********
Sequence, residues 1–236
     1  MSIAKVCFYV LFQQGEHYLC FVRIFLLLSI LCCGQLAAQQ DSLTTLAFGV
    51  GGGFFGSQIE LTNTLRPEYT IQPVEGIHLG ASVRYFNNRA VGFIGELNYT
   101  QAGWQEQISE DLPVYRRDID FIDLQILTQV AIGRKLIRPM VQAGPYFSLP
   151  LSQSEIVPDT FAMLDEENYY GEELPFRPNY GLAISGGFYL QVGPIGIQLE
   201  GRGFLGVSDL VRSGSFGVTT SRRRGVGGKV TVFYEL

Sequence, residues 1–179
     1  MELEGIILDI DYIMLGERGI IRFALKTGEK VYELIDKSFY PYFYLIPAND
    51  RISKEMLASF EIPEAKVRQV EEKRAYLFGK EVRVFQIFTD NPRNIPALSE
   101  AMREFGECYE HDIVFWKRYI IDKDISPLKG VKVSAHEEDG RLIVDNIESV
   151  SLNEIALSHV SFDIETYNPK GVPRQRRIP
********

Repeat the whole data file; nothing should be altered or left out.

Sequence, residues 1–236
     1  MSIAKVCFYV LFQQGEHYLC FVRIFLLLSI LCCGQLAAQQ DSLTTLAFGV
    51  GGGFFGSQIE LTNTLRPEYT IQPVEGIHLG ASVRYFNNRA VGFIGELNYT
   101  QAGWQEQISE DLPVYRRDID FIDLQILTQV AIGRKLIRPM VQAGPYFSLP
   151  LSQSEIVPDT FAMLDEENYY GEELPFRPNY GLAISGGFYL QVGPIGIQLE
   201  GRGFLGVSDL VRSGSFGVTT SRRRGVGGKV TVFYEL

Sequence, residues 1–179
     1  MELEGIILDI DYIMLGERGI IRFALKTGEK VYELIDKSFY PYFYLIPAND
    51  RISKEMLASF EIPEAKVRQV EEKRAYLFGK EVRVFQIFTD NPRNIPALSE
   101  AMREFGECYE HDIVFWKRYI IDKDISPLKG VKVSAHEEDG RLIVDNIESV
   151  SLNEIALSHV SFDIETYNPK GVPRQRRIP